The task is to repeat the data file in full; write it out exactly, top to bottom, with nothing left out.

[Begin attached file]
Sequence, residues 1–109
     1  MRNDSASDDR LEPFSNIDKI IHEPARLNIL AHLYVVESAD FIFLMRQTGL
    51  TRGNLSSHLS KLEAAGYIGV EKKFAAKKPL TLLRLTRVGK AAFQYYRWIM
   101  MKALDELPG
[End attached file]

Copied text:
Sequence, residues 1–109
     1  MRNDSASDDR LEPFSNIDKI IHEPARLNIL AHLYVVESAD FIFLMRQTGL
    51  TRGNLSSHLS KLEAAGYIGV EKKFAAKKPL TLLRLTRVGK AAFQYYRWIM
   101  MKALDELPG